These initial comments are provided as requested, in good faith, prior to the release of the Draft GSP in the interest of stakeholder engagement and with the hopes that the UVRGSA is able to augment the current analysis and develop a meaningful assessment of the impact of groundwater pumping on surface flows in the Ventura River. It is clear that this will be necessary to successfully develop the Groundwater Sustainability Plan to a level that satisfies the objectives of the Sustainable Groundwater Management Act (SGMA) in order to gain the support of local stakeholders and approval by the California Department of Water Resources.


References:

Upper Ventura River Groundwater Sustainability Agency (UVRGSA) 

Mapping Indicators of GDEs, Groundwater Resource Hub, The Nature Conservancy

IDENTIFYING GDEs UNDER SGMA; Best Practices for using the NC Dataset, The Nature Conservancy, July 2019

Monitoring Networks and Identification of Data Gaps BMP , CA Dept of Water Resources, water.ca.gov

DRAFT ENVIRONMENTAL IMPACT REPORT, VENTURA RIVER CONJUNCTIVE USE AGREEMENT,  Report on the Environmental Impacts of the Proposed Agreement Between Casitas Municipal Water District and the City of-San Buenaventura for Conjunctive Use of the VENTURA RIVER - CASITAS RESERVOIR SYSTEM, Prepared for CMWD and the City,  June 1978

GSAs Shooting 50% on GSPs—DWR Releases First GSP Assessment Results for High Priority Basins, Brownstein Water Group, June 4, 2021


More info:

Sustainable Groundwater Management Act (SGMA)California Department of Water Resources

Groundwater Resource Hub, The Nature Conservancy

Natural Communities Commonly Associated with Groundwater, California Department of Water Resources

Groundwater Dependent Ecosystems - How can we manage groundwater to benefit both people and nature? The Nature Conservancy, scienceforconservation.org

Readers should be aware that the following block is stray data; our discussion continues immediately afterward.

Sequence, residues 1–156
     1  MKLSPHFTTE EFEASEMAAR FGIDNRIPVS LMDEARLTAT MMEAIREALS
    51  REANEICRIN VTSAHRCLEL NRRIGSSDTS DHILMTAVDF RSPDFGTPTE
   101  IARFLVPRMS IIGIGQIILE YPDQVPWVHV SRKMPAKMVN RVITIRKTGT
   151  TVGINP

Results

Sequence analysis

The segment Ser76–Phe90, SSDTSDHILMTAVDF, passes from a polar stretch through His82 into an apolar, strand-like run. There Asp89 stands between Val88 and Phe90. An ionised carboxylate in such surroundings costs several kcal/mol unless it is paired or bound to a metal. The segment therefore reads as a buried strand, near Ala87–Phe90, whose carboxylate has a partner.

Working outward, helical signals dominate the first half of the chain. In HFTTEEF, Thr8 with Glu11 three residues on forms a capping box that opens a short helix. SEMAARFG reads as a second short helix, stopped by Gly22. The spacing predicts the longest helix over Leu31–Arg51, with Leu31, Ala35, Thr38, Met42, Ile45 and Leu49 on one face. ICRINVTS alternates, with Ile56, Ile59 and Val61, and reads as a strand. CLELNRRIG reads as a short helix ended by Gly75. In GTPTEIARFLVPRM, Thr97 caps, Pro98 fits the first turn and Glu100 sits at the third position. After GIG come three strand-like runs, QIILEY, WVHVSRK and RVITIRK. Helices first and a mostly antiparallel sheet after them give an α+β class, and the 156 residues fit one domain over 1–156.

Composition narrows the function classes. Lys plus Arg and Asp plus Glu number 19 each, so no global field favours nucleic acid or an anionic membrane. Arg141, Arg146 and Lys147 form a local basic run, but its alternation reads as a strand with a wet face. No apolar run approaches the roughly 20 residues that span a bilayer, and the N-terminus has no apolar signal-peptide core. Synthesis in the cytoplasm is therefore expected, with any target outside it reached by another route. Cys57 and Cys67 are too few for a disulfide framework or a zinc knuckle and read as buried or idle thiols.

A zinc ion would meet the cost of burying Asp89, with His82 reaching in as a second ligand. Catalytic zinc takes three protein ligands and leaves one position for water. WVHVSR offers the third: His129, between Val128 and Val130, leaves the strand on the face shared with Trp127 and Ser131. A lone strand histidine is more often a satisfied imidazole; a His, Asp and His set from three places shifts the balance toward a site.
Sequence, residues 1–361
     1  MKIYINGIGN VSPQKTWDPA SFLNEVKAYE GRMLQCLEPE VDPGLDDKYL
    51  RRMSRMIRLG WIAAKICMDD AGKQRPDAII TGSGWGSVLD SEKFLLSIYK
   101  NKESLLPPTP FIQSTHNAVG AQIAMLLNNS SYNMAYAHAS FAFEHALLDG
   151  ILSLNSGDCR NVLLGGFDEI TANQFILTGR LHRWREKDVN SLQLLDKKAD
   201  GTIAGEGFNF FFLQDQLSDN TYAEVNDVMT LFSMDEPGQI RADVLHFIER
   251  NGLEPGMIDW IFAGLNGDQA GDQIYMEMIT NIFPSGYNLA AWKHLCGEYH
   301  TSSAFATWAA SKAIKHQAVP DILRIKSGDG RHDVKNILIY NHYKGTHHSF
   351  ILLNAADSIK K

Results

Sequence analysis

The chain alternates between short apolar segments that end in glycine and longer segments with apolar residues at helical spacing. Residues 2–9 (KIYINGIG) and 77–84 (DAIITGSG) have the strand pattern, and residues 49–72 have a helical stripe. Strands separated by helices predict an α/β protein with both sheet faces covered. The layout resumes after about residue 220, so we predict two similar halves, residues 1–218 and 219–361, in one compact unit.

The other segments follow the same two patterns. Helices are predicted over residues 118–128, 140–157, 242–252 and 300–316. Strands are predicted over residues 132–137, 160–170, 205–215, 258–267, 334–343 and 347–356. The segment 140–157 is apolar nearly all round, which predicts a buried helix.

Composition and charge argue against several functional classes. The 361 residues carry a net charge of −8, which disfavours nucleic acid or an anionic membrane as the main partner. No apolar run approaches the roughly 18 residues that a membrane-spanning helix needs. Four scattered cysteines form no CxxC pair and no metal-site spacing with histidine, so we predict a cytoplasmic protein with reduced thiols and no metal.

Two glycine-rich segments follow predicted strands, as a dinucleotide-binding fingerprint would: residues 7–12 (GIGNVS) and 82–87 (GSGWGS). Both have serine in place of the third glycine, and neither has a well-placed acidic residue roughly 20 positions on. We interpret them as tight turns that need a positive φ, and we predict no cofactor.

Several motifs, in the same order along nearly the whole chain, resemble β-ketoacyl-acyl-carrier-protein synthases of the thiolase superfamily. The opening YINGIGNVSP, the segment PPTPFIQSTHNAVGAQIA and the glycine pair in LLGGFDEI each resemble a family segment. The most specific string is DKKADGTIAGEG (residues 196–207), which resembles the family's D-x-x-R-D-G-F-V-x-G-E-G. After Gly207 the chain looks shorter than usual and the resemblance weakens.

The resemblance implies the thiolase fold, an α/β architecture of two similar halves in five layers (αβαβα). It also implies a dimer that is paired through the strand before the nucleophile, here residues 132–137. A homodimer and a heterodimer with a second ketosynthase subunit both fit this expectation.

On this blog:

Understanding CDFW Instream Flow Recommendations


Thursday, June 10, 2021

Watershed mural website

 

https://www.onceuponawatershed.org/matilija-watershed-mural

The "Enlivening The Matilija Watershed" Mural now has an interactive website that contains information on all the plants and animals featured in the artwork installed on the side of a Ojai Unified School District building in Ojai. 

The 30’x14’ mural depicts the Matilija Creek in it’s regenerated state after the Matilija Dam has been removed. The waters flow clear, the wildlife abundant, the flora and fauna vibrant and renewed. The beaver is featured prominently as it is a keystone species whose presence affects the entire whole of the ecosystem. The mural emphasizes the restored watershed which feeds a beaver pond where deer, bear, mountain lion, heron and others come to eat and drink. Oaks, sycamores and willow provide shade and a steady perch for the flyers to come and rest. The steelhead move unimpeded upstream to spawn where once they numbered into the thousands. This pristine and rejuvenated landscape will be framed by the cobbled remains of the Matilija Dam which once held back the waters and marred the mouth of the canyon. It’s removal signifying the steady return of the natural cycles of life.

Visit the website here: https://www.onceuponawatershed.org/matilija-watershed-mural

more:

Enlivening The Matilija Watershed" Mural


Santa Ana Bridge replacement groundbreaking

Aerial overview of the existing Santa Ana Bridge
 looking upstream on the Ventura River

A ceremonial groundbreaking event was held on Monday June 7 to kick off the Santa Ana Bridge Replacement Project.  Project sponsors Sam Jenniches (California Coastal Conservancy) and Mary Larson (Ca Dept of Fish and Wildlife) were present along with Supervisor Matt LeVere and representatives from the Ventura County Watershed Protection District and Transportation Department and their contractors.  This is the first major project component of the Matilija Dam Ecosystem Restoration Project.

Design work was sponsored by the California Coastal Conservancy and construction is funded through a $13.4M grant from Ca Dept of Fish and Wildlife.  The project will replace the existing 210-foot long Santa Ana Bridge with a 350-foot bridge to open up a constricted section of the river in Oak View.   Widening the channel by 80 feet will improve water and sediment flows, facilitate natural ecosystem processes through restoration of natural sediment transport and deposition, and reduce the need for channel maintenance in the vicinity of the bridge following large storm events.